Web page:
Entertainment

Film exploring postpartum depression wins top gongs at BFI Future Film Festival

A selection of young filmmakers were awarded cash prizes and mentoring packages.
A selection of young filmmakers were awarded cash prizes and mentoring packages. A selection of young filmmakers were awarded cash prizes and mentoring packages.

A film exploring the challenges of postpartum depression has been awarded top gongs at the BFI Future Film Festival.

Underbelly, which sees young apprentice butcher Norman launched into adulthood when his older sister has a baby, picked up best film and best new talent for creator Edie Moles at the ceremony, which took place online and in person at BFI Southbank in London on Sunday.

Rising star Moles received £5,000 in total for the two wins as well as a mentoring package.

Underbelly (Edie Moles/PA)

Reflecting on the film, the jury said: “It was clear to us that Underbelly was made with real love for the art of filmmaking, as well as an intense passion for the important message.

“Deeply affecting and engaging, with an impeccable sense of space and character and an exceptional performance by Stephen John McMillan at the centre, every element of the production comes together to make something remarkable.

“This truly is an incredible achievement from a young new talent in Edie Moles, who we cannot wait to see more from.”

Young filmmaker Ade Femzo took home the best director prize for Drop Out, which follows a struggling student who tells his strict African mother that he has dropped out of school and when that does not go well, he goes back in time to try again.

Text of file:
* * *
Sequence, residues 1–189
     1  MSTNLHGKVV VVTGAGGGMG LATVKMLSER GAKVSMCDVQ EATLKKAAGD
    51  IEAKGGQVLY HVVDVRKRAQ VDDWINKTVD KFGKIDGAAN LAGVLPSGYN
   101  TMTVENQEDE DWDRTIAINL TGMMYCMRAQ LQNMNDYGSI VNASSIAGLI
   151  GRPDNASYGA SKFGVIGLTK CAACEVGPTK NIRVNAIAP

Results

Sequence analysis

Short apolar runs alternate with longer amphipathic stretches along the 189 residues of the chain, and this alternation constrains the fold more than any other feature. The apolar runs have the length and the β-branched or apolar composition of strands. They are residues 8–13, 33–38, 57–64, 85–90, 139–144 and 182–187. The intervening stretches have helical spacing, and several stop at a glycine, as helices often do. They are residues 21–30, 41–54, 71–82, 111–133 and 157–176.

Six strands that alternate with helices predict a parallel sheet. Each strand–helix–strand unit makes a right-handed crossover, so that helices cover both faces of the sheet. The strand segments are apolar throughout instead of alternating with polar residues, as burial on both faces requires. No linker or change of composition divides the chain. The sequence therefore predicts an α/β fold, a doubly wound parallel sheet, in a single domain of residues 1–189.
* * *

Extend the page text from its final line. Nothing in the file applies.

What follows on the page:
The jury thought the film was “authentic, funny, culturally rich” and like “nothing we’ve seen in a long time”.

They added: “With touches of an Edgar Wright-like sensibility in its camera movements and lashings of humour, this is box fresh filmmaking which shows us that Ade Femzo is a genuine and promising young director.”

Drop Out (Ade Femzo/PA)

In addition to the three awards judged by the BFI’s jury, which was chaired by filmmaker Peter Kosminsky and included Heartstopper actor Kit Connor, The Last Of Us actress Bella Ramsey, writer-director Matthew Jacobs Morgan and critic and author Hanna Flint, seven other categories were judged by BFI and industry experts.

Best animation went to Lije Morgan for Interdimensional Pizza Pushers, which follows characters Honeybear and Fishlips as they race through dimensions to make their pizza deliveries on time, and Radheya Jegatheva took home best documentary for Pacing The Pool, which offers a glimpse into the life of Richard Pace, who finds that healing waters have helped him rise above his physical and mental stresses.

Clemente Lohr won best experimental film for Canned, about a mid-20s raver who explores the meaning of love, while Aleah Scott secured the best micro short prize for Safe, which examines the first-hand true accounts of young women who have experienced sexual assault and harassment and the long-term effects of the violations.

Best international film and best writer were both awarded to Thomas Percy Kim for Busan, which sees a pregnant Korean-American woman return to South Korea and her mother.

Each award included a cash prize of £1,000 and a mentoring package, while Klara Bond was given £750 and a special mention in the best international film category for Being Human, which follows the lives of eight people who are connected to each other in various ways.

This year’s BFI Future Film Festival, which was available online for free and in person at BFI Southbank to aspiring filmmakers aged 16 to 25, ran from February 16 to 19.

Speakers at the festival included Star Wars actress Daisy Ridley, Knives Out director Rian Johnson, Heartstopper creator Alice Oseman and TV presenter and writer-director Reggie Yates.

Producers Jane Tranter (Succession), Rosie Alison (Paddington) and Simon Emanuel (The Batman), cinematographer Fabian Wagner, whose credits include House Of The Dragon, and film editor Martin Walsh, who won an Oscar for 2002’s Chicago, were also among the those to address the event.

A programme of 55 short films from filmmakers aged 16-25 was also on show at the festival.